As for teaching about sexuality – I think this is way too young. The only thing kids this age are ready to handle is a recognition of differences between genders – boys like to play rough games, and girls like to play more gentle games, etc. But to open up the conversation on things like homosexuality as an option for kids who are still years away from puberty is ridiculous. Male sexuality and female sexuality and their differences won’t be obvious to the kids, even upon inspection, until they begin to reach puberty themselves. This information is pure propaganda regarding homosexuality and has nothing to do with teaching children age-appropriate health-focused principles.
Grade 5 students are learning all about reproductive organs and sexual intercourse. They are also learning how to use sanitary products, what happens when and how do you get an erection, what happens in ejaculation and how does sexual attraction work… and that’s just a small part of the whole package. They are also taught that gender roles are wrong and that there really are no ‘boy’ or ‘girl’ toys or activities. They are taught that we’re all the same except for how our environment has molded us.
Good: At this stage most kids should know about the reproductive organs, at least about the function that each has.
Bad: The reproductive organs the kids need to know about at this point should have already been taught at home and the info given in a public setting should be focused on strictly how that organ works – the science of it. No student should have to hear a teacher explain sexual intercourse in a public school setting. It’s wrong.
I have four kids. I’ve given all of them – and some of their friends – info on sexual intercourse and everything related to it. It’s private. It can be embarrassing. They don’t even want a sibling on the same floor of the house lest they hear what we are talking about. Not because they don’t want to talk about it – they DO! No, it’s because they understand that this is private and they don’t want the beauty of it ruined by some rude or disrespectful comment.
I’ve looked through the curriculum and there is NO mention of morality in connection with sexual intercourse. Some of the material is written and provided by Planned Parenthood (don’t get me started on that!) and some of it also teaches about sexual orientation.
I recently learned that in grade 5, during the sexual intercourse instruction, if a student asks about homosexual sex the teacher is obligated to provide that information to the classroom because there is to be no differentiation between those with differing sexual orientations. So… do you want your kids learning all about homosexual sex in grade 5 from a school teacher? I don’t.
But you know what I think is hypocritical? This whole idea that talking about sex and sexual anything is private! So after having your teacher talk about sex and penises, and vaginas, and erections and emissions, and ejaculations and homosexual intercourse… the teacher is supposed to teach the kids to “keep personal matters private”. Really?!?! Let’s talk about all the private stuff we can at school and then fill your brain with the fact that this is private so you can’t talk about it.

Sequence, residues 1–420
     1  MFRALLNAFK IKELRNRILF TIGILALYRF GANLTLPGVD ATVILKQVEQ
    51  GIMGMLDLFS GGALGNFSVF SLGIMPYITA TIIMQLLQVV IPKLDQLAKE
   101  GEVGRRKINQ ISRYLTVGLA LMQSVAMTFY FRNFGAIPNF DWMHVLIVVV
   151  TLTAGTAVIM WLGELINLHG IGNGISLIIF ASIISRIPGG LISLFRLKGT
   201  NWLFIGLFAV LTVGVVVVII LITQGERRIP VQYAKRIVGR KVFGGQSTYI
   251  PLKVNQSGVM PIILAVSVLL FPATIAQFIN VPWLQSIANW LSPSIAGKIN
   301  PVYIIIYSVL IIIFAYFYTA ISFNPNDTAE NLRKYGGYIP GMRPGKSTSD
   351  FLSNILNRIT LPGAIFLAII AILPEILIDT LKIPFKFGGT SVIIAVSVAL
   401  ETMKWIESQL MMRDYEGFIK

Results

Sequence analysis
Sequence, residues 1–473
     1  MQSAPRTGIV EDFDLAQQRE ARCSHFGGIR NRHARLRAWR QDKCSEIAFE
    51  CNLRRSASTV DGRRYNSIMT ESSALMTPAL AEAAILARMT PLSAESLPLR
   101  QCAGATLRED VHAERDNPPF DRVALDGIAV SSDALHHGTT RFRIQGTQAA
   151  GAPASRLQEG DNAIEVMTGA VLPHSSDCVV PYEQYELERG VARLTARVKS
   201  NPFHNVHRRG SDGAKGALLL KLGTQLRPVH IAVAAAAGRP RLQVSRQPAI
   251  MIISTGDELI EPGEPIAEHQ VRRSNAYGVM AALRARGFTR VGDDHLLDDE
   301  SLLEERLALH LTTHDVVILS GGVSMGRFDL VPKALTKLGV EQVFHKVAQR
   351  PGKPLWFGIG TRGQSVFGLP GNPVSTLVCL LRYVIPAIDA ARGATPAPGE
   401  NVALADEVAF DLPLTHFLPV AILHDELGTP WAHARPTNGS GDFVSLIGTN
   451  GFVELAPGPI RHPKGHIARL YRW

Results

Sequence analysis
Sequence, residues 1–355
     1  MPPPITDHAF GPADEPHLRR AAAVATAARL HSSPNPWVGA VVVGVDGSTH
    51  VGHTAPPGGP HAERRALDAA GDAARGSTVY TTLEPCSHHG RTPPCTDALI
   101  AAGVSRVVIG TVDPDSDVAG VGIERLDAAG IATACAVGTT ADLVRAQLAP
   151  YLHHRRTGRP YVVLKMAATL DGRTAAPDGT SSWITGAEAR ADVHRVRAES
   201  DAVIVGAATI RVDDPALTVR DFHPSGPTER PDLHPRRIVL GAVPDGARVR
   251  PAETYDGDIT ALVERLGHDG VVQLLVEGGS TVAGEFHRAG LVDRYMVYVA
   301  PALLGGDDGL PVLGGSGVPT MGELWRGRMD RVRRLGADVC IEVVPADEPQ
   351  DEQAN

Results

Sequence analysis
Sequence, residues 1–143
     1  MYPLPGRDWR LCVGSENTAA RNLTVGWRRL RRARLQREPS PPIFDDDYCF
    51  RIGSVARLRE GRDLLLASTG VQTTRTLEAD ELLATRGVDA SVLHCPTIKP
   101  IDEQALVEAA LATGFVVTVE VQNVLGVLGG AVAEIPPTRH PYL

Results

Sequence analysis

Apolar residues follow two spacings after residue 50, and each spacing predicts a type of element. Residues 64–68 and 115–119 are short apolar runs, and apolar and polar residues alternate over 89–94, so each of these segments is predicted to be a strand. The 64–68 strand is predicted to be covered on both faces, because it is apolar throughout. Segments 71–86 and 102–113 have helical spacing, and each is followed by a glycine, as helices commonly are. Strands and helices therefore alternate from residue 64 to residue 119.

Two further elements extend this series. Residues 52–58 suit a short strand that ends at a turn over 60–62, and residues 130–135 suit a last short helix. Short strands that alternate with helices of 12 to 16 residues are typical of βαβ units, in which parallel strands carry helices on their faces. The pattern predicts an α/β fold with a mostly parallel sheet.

Obviously it’s fine to talk about all this at school – so where exactly should they not be talking about it? At home. Yep. It should come as no surprise that kids are NOT talking to their parents about it. Because after telling them far too much information at school the teachers are telling them to keep it quiet.
After Grade Five
Beyond Grade Five the same things continue to be taught but in even greater depth. This includes how to care for yourself during pregnancy, what to do when you find out you have an STI or HIV/AIDS, how to let people know you have a different sexual orientation than they do, how your family affects our values and choices, etc.
Some of you may have heard about The Little Black Book of Sex which is available for guys, and there’s different one for girls. It’s a book about the how-to of homosexual sex, including positions, how to seduce someone, how to approach someone of the same sex, how to deal with parents who are homophobes, how to have safe anal sex, and so forth.
It is a very, very disturbing book. The book had been approved for Manitoba curriculum use. But from what I have been able to research, it got a lot of negative publicity and so the government has made it very difficult to find out exactly how it is currently being offered.
But I do know this: It is still available. Even in very conservative towns (like Winkler, Manitoba) the book is available for free to students if they just ask for it.
But you have to understand, the reason it is not being handed out in the open as originally planned is not because the content is not being taught. It’s just because they feel parents wouldn’t approve of it being offered in that format. According to one person who was interviewed, “There is nothing in that book that is not already taught in the classroom.”
How about you?
Do you know what your kids are being taught in sex ed classes? Are you aware of how their marks for other subjects are dependent on their sex ed class? (Especially their English Language Arts mark.)
What would you do if your child came home from school as a 10 year old having been taught about oral sex at school that day?
As a parent, are you willing to talk about this stuff with your kids? And if not, who are you entrusting it to?